Home > Uncategorized > Oh, and Thanksgiving, too …

Oh, and Thanksgiving, too …

December 29, 2010 Leave a comment Go to comments

Though it wasn’t quite like leaving Kevin home alone while the family flew to Paris for Christmas (or when Kevin foiled the burglars at his stepmom’s mansion, for those of you who made it to Home Alone 4), Jenna and I also celebrated an untraditional Thanksgiving — this before our Unconventional Christmas.

Conventional: We had family. Jenna and I flew to Budapest to spend five days with my brother Trey and his family (roll call: wife Denise, son Bryan David, middle son Alexander, daughter Lily), who are missionaries to the region.

Unconventional: We didn’t have electricity; at least not for a few hours. The Hungarian electricity provider scheduled a temporary blackout for their neighborhood from 9 am till noon on Thanksgiving Day. In Hungary, the word for Thanksgiving is Thursday. I’m sure they’re a thankful lot, but this holiday is largely American and Canadian. Life doesn’t stop on the fourth Thursday in November for the rest of the world.

Conventional: We had turkey.

Unconventional: It was barbecued, not roasted in the oven. That’s an instance where unconventional wins. It was good.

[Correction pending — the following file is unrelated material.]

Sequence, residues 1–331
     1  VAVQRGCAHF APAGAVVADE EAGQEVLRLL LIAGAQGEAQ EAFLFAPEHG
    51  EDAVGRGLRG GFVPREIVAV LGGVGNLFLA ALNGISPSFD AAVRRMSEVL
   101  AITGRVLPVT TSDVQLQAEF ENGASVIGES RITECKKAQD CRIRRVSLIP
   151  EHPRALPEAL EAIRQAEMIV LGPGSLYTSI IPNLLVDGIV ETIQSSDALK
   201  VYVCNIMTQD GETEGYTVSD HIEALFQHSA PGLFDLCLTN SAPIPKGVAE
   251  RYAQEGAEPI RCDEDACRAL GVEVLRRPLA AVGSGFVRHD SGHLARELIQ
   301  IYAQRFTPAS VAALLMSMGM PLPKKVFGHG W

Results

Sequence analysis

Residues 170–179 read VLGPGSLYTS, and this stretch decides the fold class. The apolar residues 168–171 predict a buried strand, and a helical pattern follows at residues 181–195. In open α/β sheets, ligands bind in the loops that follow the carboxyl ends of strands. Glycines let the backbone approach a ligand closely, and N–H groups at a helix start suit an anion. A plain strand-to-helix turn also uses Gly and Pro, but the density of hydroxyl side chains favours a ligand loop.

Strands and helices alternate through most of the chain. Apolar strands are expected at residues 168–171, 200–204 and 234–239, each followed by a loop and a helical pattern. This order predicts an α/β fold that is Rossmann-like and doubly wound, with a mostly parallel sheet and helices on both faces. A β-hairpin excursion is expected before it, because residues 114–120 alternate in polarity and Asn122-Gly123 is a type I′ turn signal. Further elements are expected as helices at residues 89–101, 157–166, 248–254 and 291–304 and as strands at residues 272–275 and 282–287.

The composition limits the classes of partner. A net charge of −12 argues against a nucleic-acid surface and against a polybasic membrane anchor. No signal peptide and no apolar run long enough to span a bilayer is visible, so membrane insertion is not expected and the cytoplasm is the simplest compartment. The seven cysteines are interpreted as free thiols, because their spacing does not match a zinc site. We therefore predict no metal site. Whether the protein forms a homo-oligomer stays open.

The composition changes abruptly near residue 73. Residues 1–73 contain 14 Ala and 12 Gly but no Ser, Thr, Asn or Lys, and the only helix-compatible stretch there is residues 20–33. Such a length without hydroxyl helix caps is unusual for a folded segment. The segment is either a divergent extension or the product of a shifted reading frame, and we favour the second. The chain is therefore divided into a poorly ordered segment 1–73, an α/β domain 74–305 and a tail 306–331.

Conventional: We had exercise. In the states, Jenna traditionally runs a 5 or 10k on Thanksgiving morning, as do hundreds of thousands across the country.

Unconventional: With the Turkey Trot not possible, my nephew Bryan and I instead rode bikes. We hadn’t planned on it, but when dinnertime rolled around and we realized we were short a few beverages, we hopped on bikes and pedaled to the nearest convenience store. Again, one of the blessings of celebrating Thanksgiving abroad; all the stores are open.

Conventional: We expressed our emotions; many families use Thanksgiving Day to share what they’re thankful for in life.

Unconventional: An old Hungarian man expressed his emotions by sharing why he thought I am an idiot. When Bryan and I pulled up on our bikes after making the run to the convenient store, an old man verbally ripped into me. When, I interrupted him to let him know I was American (which, in Europe, translates to I don’t speak your language), he switched over to English and lectured me about the dangers of nighttime bike riding. This guy must’ve done his thesis on it he had so many facts. Being the day that it was, I told him I was very thankful for his advice.

This was second straight Thanksgiving we spent with Trey and his family. I’ll have to admit, come Thanksgiving next year, wherever we’ll be, part of Jenna and me will be wishing we were in Budapest again.

Categories: Uncategorized
  1. Leslie Bendt
    December 29, 2010 at 10:22 pm

    Life and the winter holidays would not be complete without a picture of our traveling family members! Hope you are enjoying your time, visit and holidays.
    Be good, and get a flashing light for the rear fender of your bike. Or, I can send you an air-horn to better manage grumpy old men. Your kindness is impressive.

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